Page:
Georgia Governor Brian P. Kemp used the annual State of the State address to lay out a form of his re-election platform. He championed raises for teachers, promised safer urban and rural cities, pledged to ban Critical Race Theory from Georgia’s public schools, and promised tax rebates during his speech.
First, Governor Kemp has laid out a budget of $31.5 million, which includes a return to fully funded K-12 public schools that suffered cuts due to the COVID-19 pandemic.
$425 million to fully fund our schools and completely restore all austerity cuts to education funding in our state that were made during the pandemic.
“This key priority will collectively provide an additional $1.4 billion in direct funding for our K-12 schools and invest more per K-12 student than ever before,” Kemp said.
Additionally, the extra spending is derived from the $3.7 billion surplus the state ran in the 2021 budget year.
Next, Governor Kemp took aim at liberals when he declared he would not allow Critical Race Theory to be taught in schools. Even though it is not actually taught in Georgia’s Public Schools.
“That’s why I look forward to working with members of the General Assembly this legislative session to protect our students from divisive ideologies — like critical race theory – that pit kids against each other,” Kemp said. “I also look forward to working with the House and Senate to pass, and sign, a parental bill of rights in our education system and other pieces of legislation that I strongly support to ensure fairness in school sports and address obscene materials online and in our school libraries.”
The definition of Critical Race Theory is based on the core idea that race is a social construct, and that racism is not merely the product of individual bias or prejudice, but also something embedded in legal systems and policies. It is taught in graduate schools and high-level undergraduate programs.
The Democrats seized upon this in their response. House Minority Leader, Dr. James Beverly, D-Macon, said Critical Race Theory is not a religion and it’s being weaponized by the right to distract from the real issues.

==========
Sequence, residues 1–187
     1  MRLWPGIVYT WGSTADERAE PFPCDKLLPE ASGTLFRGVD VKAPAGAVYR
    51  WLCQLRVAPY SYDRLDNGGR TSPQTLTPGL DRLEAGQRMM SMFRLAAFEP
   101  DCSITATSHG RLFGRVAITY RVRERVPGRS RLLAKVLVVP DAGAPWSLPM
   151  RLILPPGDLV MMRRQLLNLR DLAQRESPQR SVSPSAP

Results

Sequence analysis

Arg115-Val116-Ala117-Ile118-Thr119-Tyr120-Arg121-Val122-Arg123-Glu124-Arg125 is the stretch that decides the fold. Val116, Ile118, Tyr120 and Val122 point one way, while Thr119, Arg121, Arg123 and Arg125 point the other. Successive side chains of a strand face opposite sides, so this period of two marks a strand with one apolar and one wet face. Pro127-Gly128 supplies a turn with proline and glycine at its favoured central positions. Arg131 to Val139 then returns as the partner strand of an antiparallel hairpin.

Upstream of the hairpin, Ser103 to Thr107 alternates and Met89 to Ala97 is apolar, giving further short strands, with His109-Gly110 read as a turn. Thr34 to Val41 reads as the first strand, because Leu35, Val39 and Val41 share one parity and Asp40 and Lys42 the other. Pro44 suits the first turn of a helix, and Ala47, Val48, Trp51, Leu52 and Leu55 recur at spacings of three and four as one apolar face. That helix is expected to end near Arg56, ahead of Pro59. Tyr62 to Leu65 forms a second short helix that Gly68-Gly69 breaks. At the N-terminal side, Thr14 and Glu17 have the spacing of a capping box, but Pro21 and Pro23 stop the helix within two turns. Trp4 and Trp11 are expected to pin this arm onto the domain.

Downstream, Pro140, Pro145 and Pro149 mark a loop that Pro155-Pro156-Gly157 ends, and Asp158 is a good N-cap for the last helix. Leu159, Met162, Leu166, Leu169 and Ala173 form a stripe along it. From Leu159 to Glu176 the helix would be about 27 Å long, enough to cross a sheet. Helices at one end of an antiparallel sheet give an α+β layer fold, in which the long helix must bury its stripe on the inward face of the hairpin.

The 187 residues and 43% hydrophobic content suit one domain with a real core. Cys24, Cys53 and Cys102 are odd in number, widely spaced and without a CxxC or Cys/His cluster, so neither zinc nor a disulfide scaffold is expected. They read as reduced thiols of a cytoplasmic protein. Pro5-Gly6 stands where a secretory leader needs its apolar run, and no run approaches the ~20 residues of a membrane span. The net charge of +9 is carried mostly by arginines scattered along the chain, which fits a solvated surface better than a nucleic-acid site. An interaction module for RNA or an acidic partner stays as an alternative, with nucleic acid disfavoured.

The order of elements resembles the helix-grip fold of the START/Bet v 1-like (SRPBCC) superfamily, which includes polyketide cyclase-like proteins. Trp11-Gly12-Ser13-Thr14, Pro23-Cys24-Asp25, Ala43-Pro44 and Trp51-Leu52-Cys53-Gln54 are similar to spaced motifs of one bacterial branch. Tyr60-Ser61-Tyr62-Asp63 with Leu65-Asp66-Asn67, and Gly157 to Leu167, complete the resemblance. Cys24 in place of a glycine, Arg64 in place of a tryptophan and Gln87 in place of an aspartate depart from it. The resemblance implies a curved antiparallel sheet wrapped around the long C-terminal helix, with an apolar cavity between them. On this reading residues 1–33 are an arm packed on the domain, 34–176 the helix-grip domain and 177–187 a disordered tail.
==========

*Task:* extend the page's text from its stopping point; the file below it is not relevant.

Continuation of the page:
“Our Republican colleagues in the state legislature are following right along, with bills that ban books from school libraries and restrict what teachers can discuss in classrooms, all based on deep-seated fears of our past,” Beverly said. “Not to mention the majority’s recently passed map that undermines the representation of Georgia voters everywhere.
For those that will follow along with our legislative session from home, know this: while Republicans continue to propose stunt legislation for a chance to appear on TV, Democrats are the grownups in the room.”
Kemp formally pledged to support constitutional carry. It means if a person can legally possess a handgun, that individual can legally carry that handgun without the need for a license or permit. Kemp, who is shaping up for a protracted primary fight against former U.S. Senator David Perdue, used this speech to establish his agenda for the days and weeks ahead.
“To build a safer, stronger Georgia, we must ensure every Georgian feels safe and secure in their communities,” Kemp said.
Meanwhile, critics were unmoved.
“Let’s be clear, the State of the State address was yet another reckless political stunt showcasing Gov. Kemp’s disregard for public health, safety or local agency,” political strategist Eleina Raines said. “He has a primary opponent and this speech was nothing more than a thinly veiled attempt to win over the far-right Republicans in Georgia. His message today was unmistakably clear, he’s willing to endanger the lives of every Georgian to score political points with extremists.”